Low-noise encoding of active touch by layer 4 in the somatosensory cortex

Samuel Andrew Hires, Diego A. Gutnisky, Jianing Yu, Daniel H. O’Connor, Karel Svoboda

Research output: Contribution to journalArticlepeer-review


Cortical spike trains often appear noisy, with the timing and number of spikes varying across repetitions of stimuli. Spiking variability can arise from internal (behavioral state, unreliable neurons, or chaotic dynamics in neural circuits) and external (uncontrolled behavior or sensory stimuli) sources. The amount of irreducible internal noise in spike trains, an important constraint on models of cortical networks, has been difficult to estimate, since behavior and brain state must be precisely controlled or tracked. We recorded from excitatory barrel cortex neurons in layer 4 during active behavior, where mice control tactile input through learned whisker movements. Touch was the dominant sensorimotor feature, with >70% spikes occurring in millisecond timescale epochs after touch onset. The variance of touch responses was smaller than expected from Poisson processes, often reaching the theoretical minimum. Layer 4 spike trains thus reflect the millisecond-timescale structure of tactile input with little noise.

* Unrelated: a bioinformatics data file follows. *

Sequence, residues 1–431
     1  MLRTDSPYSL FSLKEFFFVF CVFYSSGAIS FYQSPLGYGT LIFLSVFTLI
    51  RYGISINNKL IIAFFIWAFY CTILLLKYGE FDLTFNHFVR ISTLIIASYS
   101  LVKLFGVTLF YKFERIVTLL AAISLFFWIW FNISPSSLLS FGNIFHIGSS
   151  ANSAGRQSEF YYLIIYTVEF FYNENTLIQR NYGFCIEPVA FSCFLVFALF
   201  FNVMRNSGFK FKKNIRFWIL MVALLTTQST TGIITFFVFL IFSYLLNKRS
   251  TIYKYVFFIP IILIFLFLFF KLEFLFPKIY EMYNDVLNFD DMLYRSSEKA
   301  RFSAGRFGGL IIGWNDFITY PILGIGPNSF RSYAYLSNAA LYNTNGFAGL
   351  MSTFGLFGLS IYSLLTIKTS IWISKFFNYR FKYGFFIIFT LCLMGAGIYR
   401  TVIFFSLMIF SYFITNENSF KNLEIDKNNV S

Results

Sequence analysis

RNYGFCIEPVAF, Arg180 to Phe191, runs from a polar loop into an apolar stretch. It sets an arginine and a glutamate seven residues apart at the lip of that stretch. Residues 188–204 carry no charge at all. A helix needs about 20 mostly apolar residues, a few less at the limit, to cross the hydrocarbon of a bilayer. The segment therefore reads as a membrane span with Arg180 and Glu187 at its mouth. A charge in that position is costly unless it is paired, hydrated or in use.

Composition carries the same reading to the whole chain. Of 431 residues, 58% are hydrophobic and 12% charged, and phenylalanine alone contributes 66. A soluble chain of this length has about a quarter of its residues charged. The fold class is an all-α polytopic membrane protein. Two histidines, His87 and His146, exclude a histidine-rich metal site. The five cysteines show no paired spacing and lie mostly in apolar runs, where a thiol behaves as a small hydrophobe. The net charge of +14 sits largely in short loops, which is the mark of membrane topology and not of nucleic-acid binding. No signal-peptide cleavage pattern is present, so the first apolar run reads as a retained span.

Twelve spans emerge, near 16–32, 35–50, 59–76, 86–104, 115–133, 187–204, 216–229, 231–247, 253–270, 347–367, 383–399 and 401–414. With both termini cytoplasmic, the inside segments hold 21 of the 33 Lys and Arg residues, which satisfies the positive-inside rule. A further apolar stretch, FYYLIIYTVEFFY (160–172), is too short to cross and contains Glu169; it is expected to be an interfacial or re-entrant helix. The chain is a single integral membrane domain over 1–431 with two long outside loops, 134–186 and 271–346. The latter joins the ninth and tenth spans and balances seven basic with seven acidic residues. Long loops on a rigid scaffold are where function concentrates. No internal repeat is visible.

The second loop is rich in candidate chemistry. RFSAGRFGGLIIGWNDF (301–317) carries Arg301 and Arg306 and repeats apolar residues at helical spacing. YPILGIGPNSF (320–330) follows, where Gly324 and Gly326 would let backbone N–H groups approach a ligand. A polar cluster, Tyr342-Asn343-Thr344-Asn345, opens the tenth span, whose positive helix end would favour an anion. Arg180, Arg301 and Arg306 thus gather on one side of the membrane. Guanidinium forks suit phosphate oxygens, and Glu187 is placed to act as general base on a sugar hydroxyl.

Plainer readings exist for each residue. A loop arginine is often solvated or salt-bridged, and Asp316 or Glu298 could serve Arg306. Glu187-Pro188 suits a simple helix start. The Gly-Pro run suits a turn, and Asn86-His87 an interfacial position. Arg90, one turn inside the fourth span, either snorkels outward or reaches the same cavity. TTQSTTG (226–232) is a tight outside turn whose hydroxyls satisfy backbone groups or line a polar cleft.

Original languageEnglish (US)
Article numbere06619
Issue numberAUGUST2015
StatePublished - Aug 6 2015

ASJC Scopus subject areas

  • Neuroscience(all)
  • Immunology and Microbiology(all)
  • Biochemistry, Genetics and Molecular Biology(all)

Fingerprint Dive into the research topics of 'Low-noise encoding of active touch by layer 4 in the somatosensory cortex'. Together they form a unique fingerprint.

Cite this